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Chris Packham's documentary on autism

(218 Posts)
Pariswhenitdrizzles Sat 21-Oct-17 21:36:29

Just wondering what your thoughts are on Chris Packham's documentary about autism? Just watched it.

Bananasandchocolatecustard Sat 21-Oct-17 21:39:49

I saw it and it made me feel sad as my son was recently diagnosed with Asperger’s.

Popfan Sat 21-Oct-17 21:43:59

I thought it was amazing. A must watch for anyone who works with people who have autism. Chris Packham is very brave

TheSecondOfHerName Sat 21-Oct-17 21:50:21

I watched it. I have a father and a son with Asperger's; I have most of the traits but don't currently wish to pursue assessment/diagnosis.

I thought it was very interesting; he was honest and articulate in describing his experiences.

His opinion of ABA and his standpoint in the cure vs acceptance debate are obviously from the viewpoint of someone who is high functioning, so other people might have very different feelings about it.

PosiePootlePerkins Sat 21-Oct-17 21:51:26

I was pleased to watch it. I have always felt I never quite 'got' him on TV and the documentary explained an awful lot about him and his struggles. I thought he was very honest and open and hopefully it will help others in a similar situation.

CloudPerson Sat 21-Oct-17 22:02:20

I really enjoyed it, it's about time for some more positive but at the same time real (I mean highlighting the difficulties) stories about what it is to be autistic.

I fully agree with his stance on ABA, and there are plenty of stories out there by people who went through ABA and now consider themselves survivors, and now live with the PTSD caused by it to see that it isn't judged damaging just by autistic people with lower support needs.
In America treatments can be harsher than in the uk, it's not that long ago that autistic children and adults were subject to painful electric shock treatments to try to cure them, something which was considered unethical to perform on serial rapists and paedophiles, just to give an example of how shockingly autistic people can be treated. Not to even go into the subject of bleach enemas that some autistic activists are currently highlighting.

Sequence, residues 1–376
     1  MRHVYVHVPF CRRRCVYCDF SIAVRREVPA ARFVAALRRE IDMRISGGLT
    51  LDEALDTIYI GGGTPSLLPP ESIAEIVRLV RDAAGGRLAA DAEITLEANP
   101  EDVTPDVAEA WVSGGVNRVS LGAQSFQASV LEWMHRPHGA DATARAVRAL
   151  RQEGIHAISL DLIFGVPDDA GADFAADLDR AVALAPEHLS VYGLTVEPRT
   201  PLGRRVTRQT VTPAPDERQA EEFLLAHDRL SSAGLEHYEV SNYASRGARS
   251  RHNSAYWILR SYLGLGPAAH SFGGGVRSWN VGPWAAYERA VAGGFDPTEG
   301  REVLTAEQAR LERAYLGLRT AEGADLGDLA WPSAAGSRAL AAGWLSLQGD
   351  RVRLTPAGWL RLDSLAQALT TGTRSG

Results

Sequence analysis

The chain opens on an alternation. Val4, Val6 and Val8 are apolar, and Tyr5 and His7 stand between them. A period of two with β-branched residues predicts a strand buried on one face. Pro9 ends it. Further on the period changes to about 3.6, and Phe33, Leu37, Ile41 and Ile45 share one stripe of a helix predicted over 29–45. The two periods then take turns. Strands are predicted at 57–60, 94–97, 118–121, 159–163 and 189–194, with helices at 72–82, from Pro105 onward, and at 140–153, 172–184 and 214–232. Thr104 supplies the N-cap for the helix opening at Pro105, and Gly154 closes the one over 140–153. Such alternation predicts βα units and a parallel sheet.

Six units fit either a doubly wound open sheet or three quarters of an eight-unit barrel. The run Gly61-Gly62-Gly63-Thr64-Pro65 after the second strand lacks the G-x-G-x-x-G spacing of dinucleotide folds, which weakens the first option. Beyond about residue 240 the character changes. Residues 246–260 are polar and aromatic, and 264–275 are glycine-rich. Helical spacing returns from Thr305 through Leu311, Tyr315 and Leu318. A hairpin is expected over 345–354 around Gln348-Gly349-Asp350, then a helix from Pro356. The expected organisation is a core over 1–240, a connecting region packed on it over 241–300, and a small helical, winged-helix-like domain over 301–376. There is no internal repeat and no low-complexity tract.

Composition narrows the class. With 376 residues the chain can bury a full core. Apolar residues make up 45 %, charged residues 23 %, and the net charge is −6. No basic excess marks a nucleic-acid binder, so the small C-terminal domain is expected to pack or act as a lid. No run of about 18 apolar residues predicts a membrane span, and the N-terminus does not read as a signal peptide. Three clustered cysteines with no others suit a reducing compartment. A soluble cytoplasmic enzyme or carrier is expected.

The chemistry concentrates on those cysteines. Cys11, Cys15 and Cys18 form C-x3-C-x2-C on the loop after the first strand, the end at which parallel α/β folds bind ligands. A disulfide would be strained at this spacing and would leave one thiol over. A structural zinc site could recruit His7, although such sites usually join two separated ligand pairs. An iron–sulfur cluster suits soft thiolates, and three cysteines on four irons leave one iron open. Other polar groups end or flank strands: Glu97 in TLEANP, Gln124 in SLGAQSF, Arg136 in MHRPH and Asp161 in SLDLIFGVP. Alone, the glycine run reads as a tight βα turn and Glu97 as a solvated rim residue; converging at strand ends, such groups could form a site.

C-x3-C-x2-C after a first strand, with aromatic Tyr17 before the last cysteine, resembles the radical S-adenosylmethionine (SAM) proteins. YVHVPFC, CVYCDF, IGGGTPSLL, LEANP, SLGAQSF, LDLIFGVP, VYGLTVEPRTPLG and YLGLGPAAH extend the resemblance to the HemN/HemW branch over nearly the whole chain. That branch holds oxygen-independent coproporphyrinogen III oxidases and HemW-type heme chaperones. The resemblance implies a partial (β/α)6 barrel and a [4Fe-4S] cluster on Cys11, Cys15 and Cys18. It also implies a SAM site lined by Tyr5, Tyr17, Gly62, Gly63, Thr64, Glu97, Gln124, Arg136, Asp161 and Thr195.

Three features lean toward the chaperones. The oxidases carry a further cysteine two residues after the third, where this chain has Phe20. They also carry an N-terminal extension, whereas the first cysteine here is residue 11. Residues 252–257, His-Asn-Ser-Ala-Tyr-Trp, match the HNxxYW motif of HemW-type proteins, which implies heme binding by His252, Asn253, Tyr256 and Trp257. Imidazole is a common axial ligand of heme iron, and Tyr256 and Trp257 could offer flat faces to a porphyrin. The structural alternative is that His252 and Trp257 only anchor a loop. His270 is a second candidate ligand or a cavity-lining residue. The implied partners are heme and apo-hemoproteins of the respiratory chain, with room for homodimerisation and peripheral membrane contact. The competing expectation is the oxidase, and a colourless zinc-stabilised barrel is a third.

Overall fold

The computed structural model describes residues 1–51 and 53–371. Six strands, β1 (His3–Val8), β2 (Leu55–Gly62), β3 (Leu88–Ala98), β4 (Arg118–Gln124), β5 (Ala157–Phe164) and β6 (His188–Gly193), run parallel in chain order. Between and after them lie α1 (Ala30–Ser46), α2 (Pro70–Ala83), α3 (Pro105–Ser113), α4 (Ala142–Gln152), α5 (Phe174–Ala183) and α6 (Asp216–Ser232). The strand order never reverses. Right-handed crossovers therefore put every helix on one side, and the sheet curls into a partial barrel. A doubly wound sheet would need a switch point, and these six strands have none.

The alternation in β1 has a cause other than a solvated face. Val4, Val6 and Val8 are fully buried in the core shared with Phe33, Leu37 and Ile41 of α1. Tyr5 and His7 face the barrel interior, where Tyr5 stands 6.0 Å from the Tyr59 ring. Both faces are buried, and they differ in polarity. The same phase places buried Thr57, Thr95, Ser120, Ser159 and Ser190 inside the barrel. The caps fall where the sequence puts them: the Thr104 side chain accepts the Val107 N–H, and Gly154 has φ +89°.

JonSnowsWife Sat 21-Oct-17 22:07:20

I saw it, I found it very interesting, it also made me very sad in parts though. The electric current therapy to cure it just made me think that's how they tried to 'cure' gay people.

It does show how much progress we still need to make and acceptance of people on the spectrum though. I have spent the last few days dealing with a fallout from DSs school over his behaviour, with a "well we have x y and z with autism and they never do that". <le sigh>

deckoff Sat 21-Oct-17 22:17:51

Message withdrawn at poster's request.

thefutureisours Sat 21-Oct-17 23:30:58

I just watched this and cried the whole way through. My ds is currently being assessed for autism. It's made me think a lot about my son and what is best for him.

stayathomegardener Sat 21-Oct-17 23:51:00

Watched it by myself and again with DH.
I think Chris was brave and honest.
It really moved us both.

Flisspaps Sat 21-Oct-17 23:55:28

I have ASD.

I thought it was very good.

Severide08 Sat 21-Oct-17 23:59:14

I watched it ,i am a support worker with people with learning difficulties including autism. I thought it was brave of him and I hated that place in America,but that is my thought just looked all wrong to me .I have been a support worker for 22yrs and i still think there is a lot misunderstanding around autism ie that is just a naughty child. He was very open and honest and I think it was a really good programme.

InspMorse Sun 22-Oct-17 00:04:18

Brilliant! Absolutely invaluable for someone with ASD to communicate to us how his mind works.
Hearing CP explaining how he feels and why he behaves the way he does was eye-opening!

potatoscowls Sun 22-Oct-17 00:08:17

i wish he'd emphasised a bit more that the problem isn't autism per se, it's other people's shittiness and nastiness towards autism that is the problem

potatoscowls Sun 22-Oct-17 00:10:13